According to the World Health Organization, over 5% of the world’s population – or 466 million people – have disabling hearing loss. In America, approximately 20% – or 48 million people – have some degree of hearing impairment. Two-year-old Samantha Savitz from Massachusetts is part of that statistic. Living within a community where there are no other deaf people around, her kind neighbors found a way to make her feel welcome and most of all, included.
Sam lives in Islington Road in Newton, Massachusetts, a neighborhood where she is loved by many. Sam loves to talk to anyone who knows basic sign language, but not everyone in the neighborhood knows how to communicate with her.
“She’s super engaging. She wants to chat-up with anybody.” said her father, Raphael.
“Yea, her whole personality changes when it’s someone who can communicate with her,” said her mother, Glenda.
On the other hand, it makes Sam a little sad when people can’t interact with her.
It was obvious to her neighbors how badly Sam wanted to engage with them. Whenever they see her on a walk or in her yard and the little girl tries to be friendly – they are frustrated because they don’t know how to talk to her.
“I didn’t know what to say back. Wouldn’t you like to talk to her?” said one neighbor.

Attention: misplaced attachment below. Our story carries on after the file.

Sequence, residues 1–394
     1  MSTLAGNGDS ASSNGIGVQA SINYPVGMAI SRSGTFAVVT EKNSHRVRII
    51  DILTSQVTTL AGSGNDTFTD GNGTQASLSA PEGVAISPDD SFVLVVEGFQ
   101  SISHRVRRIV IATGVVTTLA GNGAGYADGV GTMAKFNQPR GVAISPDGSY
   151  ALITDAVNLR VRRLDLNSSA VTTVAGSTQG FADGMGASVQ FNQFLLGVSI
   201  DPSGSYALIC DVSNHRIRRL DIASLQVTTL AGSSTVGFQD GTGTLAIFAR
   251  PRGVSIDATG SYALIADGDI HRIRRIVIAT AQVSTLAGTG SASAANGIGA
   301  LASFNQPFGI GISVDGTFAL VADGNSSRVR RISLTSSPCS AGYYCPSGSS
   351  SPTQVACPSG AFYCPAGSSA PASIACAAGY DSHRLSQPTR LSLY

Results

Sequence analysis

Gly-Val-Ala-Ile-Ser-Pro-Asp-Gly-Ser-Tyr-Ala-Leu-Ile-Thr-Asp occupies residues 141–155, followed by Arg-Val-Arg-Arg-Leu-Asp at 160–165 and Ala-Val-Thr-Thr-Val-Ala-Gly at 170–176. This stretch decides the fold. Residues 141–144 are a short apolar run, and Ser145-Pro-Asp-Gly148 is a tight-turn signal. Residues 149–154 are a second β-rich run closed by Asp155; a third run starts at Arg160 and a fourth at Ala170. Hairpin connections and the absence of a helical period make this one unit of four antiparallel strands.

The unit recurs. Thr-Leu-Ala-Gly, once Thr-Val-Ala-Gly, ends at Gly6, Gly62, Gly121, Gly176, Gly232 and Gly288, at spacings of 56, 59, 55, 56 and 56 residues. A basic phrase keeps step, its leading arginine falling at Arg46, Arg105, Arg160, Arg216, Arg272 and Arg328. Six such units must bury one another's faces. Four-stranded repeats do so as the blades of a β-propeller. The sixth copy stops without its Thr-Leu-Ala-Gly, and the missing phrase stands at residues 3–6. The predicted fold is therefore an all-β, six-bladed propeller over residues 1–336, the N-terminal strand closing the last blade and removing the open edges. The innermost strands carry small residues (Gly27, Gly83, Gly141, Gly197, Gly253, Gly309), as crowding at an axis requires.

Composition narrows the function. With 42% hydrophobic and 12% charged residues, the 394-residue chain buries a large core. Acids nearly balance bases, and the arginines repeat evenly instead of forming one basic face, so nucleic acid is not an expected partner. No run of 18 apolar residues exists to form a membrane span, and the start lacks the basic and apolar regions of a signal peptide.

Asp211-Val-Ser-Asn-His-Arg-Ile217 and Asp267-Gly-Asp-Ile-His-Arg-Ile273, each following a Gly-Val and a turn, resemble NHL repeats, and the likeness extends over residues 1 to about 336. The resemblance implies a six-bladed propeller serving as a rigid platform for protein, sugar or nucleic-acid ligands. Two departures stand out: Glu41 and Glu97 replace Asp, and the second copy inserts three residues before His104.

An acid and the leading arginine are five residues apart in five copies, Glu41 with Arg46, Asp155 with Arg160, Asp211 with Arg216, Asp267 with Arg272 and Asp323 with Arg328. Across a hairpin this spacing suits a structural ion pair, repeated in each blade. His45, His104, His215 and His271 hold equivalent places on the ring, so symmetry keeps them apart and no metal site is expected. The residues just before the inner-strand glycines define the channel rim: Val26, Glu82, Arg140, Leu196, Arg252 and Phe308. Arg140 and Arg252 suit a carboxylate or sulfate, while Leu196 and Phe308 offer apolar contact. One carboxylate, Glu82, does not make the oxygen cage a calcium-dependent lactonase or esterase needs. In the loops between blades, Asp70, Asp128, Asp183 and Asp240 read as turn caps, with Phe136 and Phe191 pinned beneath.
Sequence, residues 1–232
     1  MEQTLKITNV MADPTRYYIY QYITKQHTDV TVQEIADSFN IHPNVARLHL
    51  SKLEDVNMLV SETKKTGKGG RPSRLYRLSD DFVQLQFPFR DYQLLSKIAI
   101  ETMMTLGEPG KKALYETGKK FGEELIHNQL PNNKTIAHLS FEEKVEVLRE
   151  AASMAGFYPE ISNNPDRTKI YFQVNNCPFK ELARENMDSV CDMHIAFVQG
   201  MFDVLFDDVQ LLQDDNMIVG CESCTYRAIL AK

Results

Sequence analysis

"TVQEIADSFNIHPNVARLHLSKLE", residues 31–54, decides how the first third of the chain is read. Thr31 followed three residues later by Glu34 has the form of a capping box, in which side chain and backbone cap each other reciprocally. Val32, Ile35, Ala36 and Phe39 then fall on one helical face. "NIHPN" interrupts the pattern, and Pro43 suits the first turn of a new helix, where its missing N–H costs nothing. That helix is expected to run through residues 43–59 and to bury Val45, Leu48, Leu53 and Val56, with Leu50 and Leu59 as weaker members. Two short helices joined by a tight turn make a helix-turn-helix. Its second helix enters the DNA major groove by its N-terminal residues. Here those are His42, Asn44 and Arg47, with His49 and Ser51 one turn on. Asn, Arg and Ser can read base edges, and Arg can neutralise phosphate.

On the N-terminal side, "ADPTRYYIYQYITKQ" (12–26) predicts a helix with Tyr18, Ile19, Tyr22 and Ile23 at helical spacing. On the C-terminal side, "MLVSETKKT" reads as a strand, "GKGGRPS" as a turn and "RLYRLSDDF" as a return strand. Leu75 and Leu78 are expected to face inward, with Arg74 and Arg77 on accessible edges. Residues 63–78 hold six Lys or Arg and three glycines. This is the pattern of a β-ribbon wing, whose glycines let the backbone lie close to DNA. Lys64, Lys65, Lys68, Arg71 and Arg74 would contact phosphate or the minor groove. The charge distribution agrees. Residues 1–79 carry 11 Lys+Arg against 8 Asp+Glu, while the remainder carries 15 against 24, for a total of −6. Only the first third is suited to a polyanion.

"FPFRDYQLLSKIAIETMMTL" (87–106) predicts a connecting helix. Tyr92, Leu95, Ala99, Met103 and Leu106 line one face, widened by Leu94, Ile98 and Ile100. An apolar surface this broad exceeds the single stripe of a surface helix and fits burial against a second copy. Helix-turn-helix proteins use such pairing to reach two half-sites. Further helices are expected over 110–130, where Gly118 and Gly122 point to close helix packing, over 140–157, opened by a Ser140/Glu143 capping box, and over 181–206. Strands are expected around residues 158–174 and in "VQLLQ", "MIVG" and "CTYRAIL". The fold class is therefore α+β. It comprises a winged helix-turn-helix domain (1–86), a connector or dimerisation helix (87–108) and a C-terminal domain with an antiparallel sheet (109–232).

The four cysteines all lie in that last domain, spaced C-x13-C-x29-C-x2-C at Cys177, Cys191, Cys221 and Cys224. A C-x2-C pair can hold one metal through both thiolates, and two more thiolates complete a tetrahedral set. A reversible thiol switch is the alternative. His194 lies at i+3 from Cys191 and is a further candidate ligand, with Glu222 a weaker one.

All of them wanted the same things for Sam.
“Basic conversation that one would have with a child,” said another.
“Asking her about her day,” said a third.
“And make her feel that she is part of the neighborhood,” said another neighbor.
“Just be her friend,” another neighbor added.
Based on these words from her neighbors, it is clear that they all wanted to be there for Sam as her friend. But first, they would need to learn Americal Sign Language. It might be unthinkable for some – that a whole neighborhood would learn ASL just for a little 2-year old girl – but this particular community did just that.
On their own, Samantha’s neighbors gathered and hired an instructor. Now, they are all immersed in an American Sign Language class. Rhys McGovern, the teacher, says that this is a remarkable feat because some parents of deaf children don’t even bother to learn sign language.
“But here Sam has a full community that’s signing and communicating with her and her family, and it is a beautiful story,” he said.
Her parents have no words to express their level of gratitude for what the community did for Sam. Glenda found the act “shocking and beautiful”, while Raphael feels “so fortunate” that their daughter is receiving so much love in this way.
In fact, the couple is already seeing a change in their daughter. During ASL classes, the first thing that Sam says to her neighbors is “friend”.
It is good to see that the neighbors succeeded in their objective to learn basic sign language – that of becoming a friend to little Sam. We are sure that this energetic girl is happier, now that she has friends around who speak the same language as her. Thank you to this neighborhood in Islington Road for showing us the true essence of being a community.
Watch the video below from CBS News to learn more about this wonderful story.
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